Offshoring got you down? Consider retiring to college
Diploma time is just around the corner for college students, and many are probably wondering where their career paths may lead. Offshoring - outsourcing jobs to other countries - is a hot-button issue, although some analysts say the trend is being exaggerated.
David Wyss, chief economist at Standard & Poor's, recently commented: "There is no difference from an economic standpoint from outsourcing manufacturing jobs, which we have been doing for 20 years, and outsourcing white-collar service jobs, except college-educated white-collar workers whine louder when they lose their jobs." (Note to Mr. Wyss: Avoid that line if you're asked to speak at any coming commencements.)
As the latest crop of graduates prepares to join the scramble for employment, I think the time has come to seriously consider overhauling the entire relationship between commerce and higher education. Perhaps the best way to meet the economic challenges of the new millennium is a cultural reconfiguration that maximizes our educational infrastructure. I'm talking about transforming the US into a college-based economy. Instead of preparing kids for life in the real world, universities would become the real world.
Opportunities for creating profitable commercial enterprises exist on almost every campus, ranging from computer science to agriculture. One tasty example in my region is a cheese called Cougar Gold, a product of the creamery at Washington State University. With expanded production and a clever advertising campaign, it could become a dairy-case dynasty.
How about upsizing the UCLA film school into a full-fledged movie studio? I've got to believe they could turn out better material than "The Big Bounce" or "Welcome to Mooseport." Philadelphia University could trademark its former name, Philadelphia Textile, and slap it on a line of hip youth apparel.
And then, of course, there are athletics. Here are some new rules: Pay the participants, give them seven or eight years of eligibility, institute a playoff system for Division I football, and let the NCAA morph into a sports-marketing enterprise. The NFL and NBA will howl, but they're already in decline. Fans have more fun and stronger emotional attachments to school teams.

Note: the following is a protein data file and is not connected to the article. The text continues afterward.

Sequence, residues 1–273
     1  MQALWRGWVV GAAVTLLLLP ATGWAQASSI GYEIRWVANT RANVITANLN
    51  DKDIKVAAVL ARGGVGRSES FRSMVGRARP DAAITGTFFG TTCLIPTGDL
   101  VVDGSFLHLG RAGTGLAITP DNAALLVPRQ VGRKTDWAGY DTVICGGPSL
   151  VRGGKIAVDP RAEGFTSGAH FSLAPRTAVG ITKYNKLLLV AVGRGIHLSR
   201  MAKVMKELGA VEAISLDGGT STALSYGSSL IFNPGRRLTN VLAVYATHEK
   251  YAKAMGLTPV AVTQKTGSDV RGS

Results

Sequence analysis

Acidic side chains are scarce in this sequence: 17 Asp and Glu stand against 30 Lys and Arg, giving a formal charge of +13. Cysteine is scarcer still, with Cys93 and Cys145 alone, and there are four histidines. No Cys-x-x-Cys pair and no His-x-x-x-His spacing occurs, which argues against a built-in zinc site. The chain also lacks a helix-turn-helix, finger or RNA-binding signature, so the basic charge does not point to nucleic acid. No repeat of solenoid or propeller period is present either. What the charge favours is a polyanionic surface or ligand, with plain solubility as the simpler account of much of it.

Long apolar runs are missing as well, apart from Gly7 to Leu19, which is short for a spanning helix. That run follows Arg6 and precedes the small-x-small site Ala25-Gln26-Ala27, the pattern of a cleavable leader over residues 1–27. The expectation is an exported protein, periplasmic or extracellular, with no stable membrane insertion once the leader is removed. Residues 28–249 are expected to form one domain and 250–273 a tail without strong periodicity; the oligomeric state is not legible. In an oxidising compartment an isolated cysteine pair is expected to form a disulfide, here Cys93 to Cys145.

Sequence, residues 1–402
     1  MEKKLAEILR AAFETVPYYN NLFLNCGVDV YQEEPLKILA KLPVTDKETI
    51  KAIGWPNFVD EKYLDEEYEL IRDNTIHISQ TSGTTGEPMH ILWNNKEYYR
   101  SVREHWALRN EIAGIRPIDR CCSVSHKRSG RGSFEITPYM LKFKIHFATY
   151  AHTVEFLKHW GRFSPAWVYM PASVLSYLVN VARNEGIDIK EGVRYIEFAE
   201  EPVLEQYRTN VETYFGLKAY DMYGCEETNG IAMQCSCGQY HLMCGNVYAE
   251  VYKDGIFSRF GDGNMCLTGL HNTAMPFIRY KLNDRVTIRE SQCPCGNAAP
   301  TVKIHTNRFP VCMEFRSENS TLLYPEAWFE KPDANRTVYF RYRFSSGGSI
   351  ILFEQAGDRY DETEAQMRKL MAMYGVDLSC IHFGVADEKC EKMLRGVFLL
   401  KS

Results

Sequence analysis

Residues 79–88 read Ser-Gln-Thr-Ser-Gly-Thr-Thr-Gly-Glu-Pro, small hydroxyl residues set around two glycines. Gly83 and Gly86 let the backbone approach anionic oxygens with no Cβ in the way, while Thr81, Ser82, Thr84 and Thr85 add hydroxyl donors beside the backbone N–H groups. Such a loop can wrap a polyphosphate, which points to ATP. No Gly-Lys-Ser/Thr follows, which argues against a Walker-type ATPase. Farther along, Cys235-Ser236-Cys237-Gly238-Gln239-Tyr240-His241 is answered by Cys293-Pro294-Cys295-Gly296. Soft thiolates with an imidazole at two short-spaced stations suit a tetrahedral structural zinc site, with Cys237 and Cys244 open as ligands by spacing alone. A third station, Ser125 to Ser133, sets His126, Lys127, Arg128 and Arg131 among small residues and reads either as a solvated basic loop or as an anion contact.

Do I have a hidden agenda here? Yes, and it's media related. I'm a veteran of college radio. Nothing would make me happier than to have the Federal Communications Commission grant huge power increases to every campus station, providing listeners with a wider range of local options on the broadcast spectrum.
I admit that making universities the center of culture and economic activity will require some tweaking. My wife thinks we should invert the current system so teenagers start working right out of high school and head for college around age 50, to stay there permanently. That way, dormitories would also serve as retirement communities. It could work.
However the details shake out, the bottom line is this: Brain power is our greatest national resource. Universities are here to stay. Entities such as the University of Southern California, Duke, and Texas A&M will never relocate to China.
Could a college-based economy really work? I just suggested the outline. Now we need someone to draw up a lesson plan.